The Iowa coach expects his big men to handle the ball and run the floor.
IOWA CITY, Ia. — Lower expectations, higher intrigue and perhaps a new identity welcome the Iowa basketball team at the 2016-17 arrival gate.
It’s a combination that presents Fran McCaffery with one of his biggest coaching challenges in seven years here — while potentially being his most enjoyable.
“It’s a fun group to be around,” Kirk Speraw, McCaffery’s top assistant, says. “Some of these young guys are further along than maybe what you have anticipated.”
How, and how quickly, McCaffery fits 10 freshmen and sophomores around star shooting guard Peter Jok over the next four months is the biggest story of the season.
Basketball coach Fran McCaffery talks about how difficult it is to pick a starting lineup.
It officially begins with the Nov. 11 opener against Kennesaw State, and then escalates quickly, with four non-conference games against top-30 teams (Seton Hall, Virginia, Notre Dame and Iowa State) in the first month.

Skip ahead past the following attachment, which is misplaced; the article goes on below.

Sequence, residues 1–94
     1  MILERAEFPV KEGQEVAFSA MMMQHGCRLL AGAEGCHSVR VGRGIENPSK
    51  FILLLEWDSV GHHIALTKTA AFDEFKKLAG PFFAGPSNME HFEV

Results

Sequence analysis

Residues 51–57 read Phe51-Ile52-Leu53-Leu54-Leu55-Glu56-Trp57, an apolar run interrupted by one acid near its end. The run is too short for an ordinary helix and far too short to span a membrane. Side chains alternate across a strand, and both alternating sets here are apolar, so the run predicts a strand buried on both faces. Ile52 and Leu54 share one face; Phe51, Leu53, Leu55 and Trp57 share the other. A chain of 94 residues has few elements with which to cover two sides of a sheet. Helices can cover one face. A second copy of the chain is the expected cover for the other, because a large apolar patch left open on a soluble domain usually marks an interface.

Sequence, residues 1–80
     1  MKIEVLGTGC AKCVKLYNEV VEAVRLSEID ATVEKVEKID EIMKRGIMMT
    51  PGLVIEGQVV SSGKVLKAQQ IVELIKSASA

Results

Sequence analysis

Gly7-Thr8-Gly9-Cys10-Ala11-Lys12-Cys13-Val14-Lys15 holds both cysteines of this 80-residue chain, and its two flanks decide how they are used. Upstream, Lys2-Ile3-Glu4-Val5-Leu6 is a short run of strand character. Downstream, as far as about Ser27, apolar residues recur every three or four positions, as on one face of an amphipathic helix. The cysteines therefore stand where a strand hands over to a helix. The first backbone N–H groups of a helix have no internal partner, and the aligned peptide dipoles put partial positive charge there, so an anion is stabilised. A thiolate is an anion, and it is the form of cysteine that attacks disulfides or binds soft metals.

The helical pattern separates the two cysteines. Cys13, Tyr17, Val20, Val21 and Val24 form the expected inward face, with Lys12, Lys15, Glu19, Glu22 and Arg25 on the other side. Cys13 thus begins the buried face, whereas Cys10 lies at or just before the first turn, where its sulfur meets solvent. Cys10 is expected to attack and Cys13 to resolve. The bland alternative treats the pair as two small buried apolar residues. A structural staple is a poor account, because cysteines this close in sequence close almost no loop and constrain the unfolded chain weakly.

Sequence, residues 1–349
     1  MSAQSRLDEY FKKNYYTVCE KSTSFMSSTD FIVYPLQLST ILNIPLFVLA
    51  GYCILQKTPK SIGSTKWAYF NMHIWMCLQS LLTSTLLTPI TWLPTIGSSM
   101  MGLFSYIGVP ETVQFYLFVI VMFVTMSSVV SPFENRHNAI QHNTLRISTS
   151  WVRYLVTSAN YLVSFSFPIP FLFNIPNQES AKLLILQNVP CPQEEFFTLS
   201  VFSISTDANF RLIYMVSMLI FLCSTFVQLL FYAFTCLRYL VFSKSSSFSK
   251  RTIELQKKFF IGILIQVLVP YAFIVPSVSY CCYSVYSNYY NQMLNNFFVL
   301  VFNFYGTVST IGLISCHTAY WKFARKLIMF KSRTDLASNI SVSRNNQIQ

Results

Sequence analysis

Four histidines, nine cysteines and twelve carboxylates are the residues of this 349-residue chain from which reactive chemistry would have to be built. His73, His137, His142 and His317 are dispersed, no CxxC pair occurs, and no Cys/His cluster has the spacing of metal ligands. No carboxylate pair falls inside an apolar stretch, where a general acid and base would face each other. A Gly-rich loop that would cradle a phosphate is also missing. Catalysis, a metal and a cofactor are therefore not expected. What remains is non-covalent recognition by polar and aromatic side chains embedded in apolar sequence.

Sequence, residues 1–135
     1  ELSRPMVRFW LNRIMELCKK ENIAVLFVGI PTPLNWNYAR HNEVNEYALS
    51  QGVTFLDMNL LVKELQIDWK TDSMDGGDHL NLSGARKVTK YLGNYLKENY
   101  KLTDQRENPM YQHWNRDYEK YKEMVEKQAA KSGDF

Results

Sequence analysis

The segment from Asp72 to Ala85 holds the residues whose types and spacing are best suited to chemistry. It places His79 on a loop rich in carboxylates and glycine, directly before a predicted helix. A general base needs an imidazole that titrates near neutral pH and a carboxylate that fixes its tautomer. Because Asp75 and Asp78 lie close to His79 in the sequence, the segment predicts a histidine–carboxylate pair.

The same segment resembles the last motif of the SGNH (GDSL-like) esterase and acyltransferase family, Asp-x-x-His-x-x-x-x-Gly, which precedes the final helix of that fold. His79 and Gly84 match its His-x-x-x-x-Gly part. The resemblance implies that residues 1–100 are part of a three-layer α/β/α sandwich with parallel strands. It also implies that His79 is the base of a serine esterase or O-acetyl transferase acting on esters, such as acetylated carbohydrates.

McCaffery thinks Hawkeye hoops fans are a “sophisticated” group that understands the journey that lies ahead.
“I don't wake up and say, 'Well, they’re going to give up on us if we're 1-3',” McCaffery says. “I don't have that feeling. I think they'll analyze our personnel and say, 'OK, do we think Tyler Cook is going to be as good as Fran said he's going to be?'
“ 'Let's see how Jordan Bohannon comes along with Christian (Williams); can we get the point guard situation where we want it to be?'
“ 'Which one of these other guys steps up?' ”
The key for McCaffery
For the past four seasons, McCaffery — for better and sometimes worse — rode the highs and lows that came with Mike Gesell, Adam Woodbury, Anthony Clemmons and Jarrod Uthoff.
They were trusted veterans but also a crutch of inflexibility.
Now, that quartet's combined average of 116.3 minutes per game from last season’s 22-11 NCAA Tournament team are gone, opening a new canvas of opportunity.
If McCaffery is going to get this most out of this team, he and his staff need to play the matchups, ride the hot hands … and sit the cold ones.